Dylan Pahman

Dylan Pahman is a research fellow at the Acton Institute, where he serves as managing editor of the Journal of Markets & Morality. He earned his MTS in Historical Theology from Calvin Theological Seminary. In addition to his work as an editor, Dylan has authored several peer-reviewed articles, conference papers, essays, and one book: Foundations of a Free & Virtuous Society (Acton Institute, 2017). He has also lectured on a wide variety of topics, including Orthodox Christian social thought, the history of Christian monastic enterprise, the Reformed statesman and theologian Abraham Kuyper, and academic publishing, among others.

Posts by Dylan Pahman

Net Neutrality News & Roundup

Yesterday the FCC reclassified Internet Service Providers (ISPs) as a telecommunications service under Title II of the Communications Act, with additional provisions from Title III and Section 706 of the Telecommunications Act of 1996. Continue Reading...

Would Kuyper Go to Mars?

Image credit: Randall Munroe. Image linked to the surprisingly prescient source. In his otherwise excellent work The Problem of Poverty, the Dutch theologian Abraham Kuyper, as a man of his time (the late-nineteenth and early twentieth centuries), commended the merits of colonialism as if there were not already people in other lands with their own calling to “till the earth” that God had made. Continue Reading...

New Report: Orthodox Monastic Communities in the United States

The Assembly of Canonical Orthodox Bishops of North and Central America has published a new report on Orthodox Monastic Communities in the United States (here). The report contains a lot of great information (“great” for nerds like me, anyway), including a whole section entitled, “‘Monastic Economy:’ Ownership of Property and Sources of Income in US Orthodox Monasteries.” According to the report, In summary, the three most common sources of income in US Orthodox monasteries are: Occasional private donations including bequests and offerings for performed sacraments (87% of all monastic communities mentioned this source of income); Sale of religious items (except candles) that are not produced by monastery (52% of all monastic communities mentioned this source of income); Production and sales of candles (24% of all monastic communities mentioned this source of income). Continue Reading...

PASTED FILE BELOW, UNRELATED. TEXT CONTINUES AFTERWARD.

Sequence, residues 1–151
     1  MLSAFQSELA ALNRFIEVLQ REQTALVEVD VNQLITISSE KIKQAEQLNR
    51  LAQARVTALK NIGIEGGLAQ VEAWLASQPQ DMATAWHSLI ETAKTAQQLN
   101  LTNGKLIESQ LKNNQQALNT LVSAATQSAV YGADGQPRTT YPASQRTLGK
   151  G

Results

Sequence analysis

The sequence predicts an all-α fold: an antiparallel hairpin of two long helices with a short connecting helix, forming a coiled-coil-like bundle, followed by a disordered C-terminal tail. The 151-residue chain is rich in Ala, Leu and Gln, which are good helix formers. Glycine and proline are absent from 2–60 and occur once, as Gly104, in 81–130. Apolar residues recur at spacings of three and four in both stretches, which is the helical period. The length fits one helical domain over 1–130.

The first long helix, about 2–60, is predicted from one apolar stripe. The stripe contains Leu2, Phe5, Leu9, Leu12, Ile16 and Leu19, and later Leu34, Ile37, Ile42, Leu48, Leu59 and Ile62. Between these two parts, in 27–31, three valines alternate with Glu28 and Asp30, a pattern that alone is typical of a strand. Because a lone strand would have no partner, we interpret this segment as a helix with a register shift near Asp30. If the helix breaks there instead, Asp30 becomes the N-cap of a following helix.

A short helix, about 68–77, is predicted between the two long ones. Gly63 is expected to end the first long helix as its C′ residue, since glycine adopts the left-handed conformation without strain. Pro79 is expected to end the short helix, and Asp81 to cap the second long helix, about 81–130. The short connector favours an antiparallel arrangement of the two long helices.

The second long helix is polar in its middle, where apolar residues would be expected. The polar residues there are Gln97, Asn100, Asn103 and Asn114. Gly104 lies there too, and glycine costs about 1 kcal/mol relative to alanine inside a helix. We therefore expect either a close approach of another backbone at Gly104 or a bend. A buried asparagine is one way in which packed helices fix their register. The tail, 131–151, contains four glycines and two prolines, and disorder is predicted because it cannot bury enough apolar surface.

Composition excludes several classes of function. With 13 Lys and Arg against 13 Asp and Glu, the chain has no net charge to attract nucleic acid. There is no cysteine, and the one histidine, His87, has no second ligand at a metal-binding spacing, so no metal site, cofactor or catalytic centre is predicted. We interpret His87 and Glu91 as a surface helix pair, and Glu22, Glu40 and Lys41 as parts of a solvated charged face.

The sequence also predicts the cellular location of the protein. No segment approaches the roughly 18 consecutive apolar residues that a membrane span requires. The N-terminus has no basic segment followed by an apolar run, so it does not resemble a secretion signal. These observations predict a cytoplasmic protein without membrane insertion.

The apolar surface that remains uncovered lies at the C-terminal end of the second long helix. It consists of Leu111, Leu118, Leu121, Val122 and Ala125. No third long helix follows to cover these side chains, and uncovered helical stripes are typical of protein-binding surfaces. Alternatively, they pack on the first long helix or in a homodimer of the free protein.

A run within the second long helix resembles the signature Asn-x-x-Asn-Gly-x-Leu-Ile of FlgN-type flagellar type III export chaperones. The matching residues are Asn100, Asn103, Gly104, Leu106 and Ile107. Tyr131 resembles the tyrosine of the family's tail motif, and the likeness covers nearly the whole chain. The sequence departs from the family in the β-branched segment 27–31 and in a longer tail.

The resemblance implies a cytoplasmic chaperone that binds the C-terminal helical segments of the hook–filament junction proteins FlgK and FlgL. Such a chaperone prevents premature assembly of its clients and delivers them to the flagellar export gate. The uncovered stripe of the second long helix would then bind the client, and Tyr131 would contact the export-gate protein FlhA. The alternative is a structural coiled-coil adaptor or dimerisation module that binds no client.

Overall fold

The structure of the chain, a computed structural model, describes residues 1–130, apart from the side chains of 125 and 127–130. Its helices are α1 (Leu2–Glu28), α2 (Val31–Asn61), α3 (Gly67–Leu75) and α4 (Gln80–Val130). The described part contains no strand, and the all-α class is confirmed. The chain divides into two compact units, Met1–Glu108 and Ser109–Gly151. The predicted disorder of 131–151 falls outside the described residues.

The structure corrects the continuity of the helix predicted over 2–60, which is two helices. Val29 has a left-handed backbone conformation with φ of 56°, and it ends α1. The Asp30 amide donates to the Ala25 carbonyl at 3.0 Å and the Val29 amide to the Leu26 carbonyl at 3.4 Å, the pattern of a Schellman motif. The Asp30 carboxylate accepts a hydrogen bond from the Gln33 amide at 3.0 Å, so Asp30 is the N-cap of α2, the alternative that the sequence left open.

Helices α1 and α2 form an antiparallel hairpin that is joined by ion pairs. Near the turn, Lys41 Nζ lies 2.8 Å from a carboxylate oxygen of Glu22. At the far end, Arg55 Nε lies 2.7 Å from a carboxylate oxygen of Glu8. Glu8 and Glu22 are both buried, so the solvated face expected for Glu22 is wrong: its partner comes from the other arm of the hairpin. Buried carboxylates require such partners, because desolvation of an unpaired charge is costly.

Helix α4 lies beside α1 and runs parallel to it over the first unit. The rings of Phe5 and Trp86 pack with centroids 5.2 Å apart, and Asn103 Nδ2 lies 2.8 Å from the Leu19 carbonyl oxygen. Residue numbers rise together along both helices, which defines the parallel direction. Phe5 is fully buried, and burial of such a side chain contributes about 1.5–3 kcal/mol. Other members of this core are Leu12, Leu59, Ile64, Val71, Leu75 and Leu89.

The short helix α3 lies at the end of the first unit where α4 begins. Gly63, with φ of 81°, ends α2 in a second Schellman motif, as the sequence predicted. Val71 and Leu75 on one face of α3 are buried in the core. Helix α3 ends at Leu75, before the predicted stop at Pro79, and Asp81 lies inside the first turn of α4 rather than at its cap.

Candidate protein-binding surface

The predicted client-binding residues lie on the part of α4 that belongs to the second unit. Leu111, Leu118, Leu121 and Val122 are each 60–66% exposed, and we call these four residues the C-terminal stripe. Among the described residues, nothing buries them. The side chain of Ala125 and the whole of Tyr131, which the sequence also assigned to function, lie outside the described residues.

Thomas Merton on Marxism and Monasticism

A friend of mine recently shared this short clip of Thomas Merton’s last lecture. He has some interesting things to say about communism and monasticism, as well as what is clearly a sly promo for Coca-Cola at the end. Continue Reading...

The Complexities of Sexuality, Religion, and Cake

Last Friday at Religion Dispatches, Kara Loewentheil explored the recent story of a Denver bakery that is being “sued for refusing to bake a homophobic cake.” She calls into question the legitimacy of the request: It’s a snappy inversion of the now-classic example of bakers who refuse to provide wedding cakes for gay marriage or commitment ceremonies (or florists who refuse to provide flowers, photographers who refuse to photograph the ceremony, etc.). Continue Reading...

Monks and Markets

Not Abba Pistamon Today at Ethika Politika, I examine some ancient economic wisdom from one of the desert fathers: Abba Pistamon. Far from the newest of Nintendo’s Pokemon monsters (despite the sound of his name), Abba Pistamon was one of the first Christian monks. Continue Reading...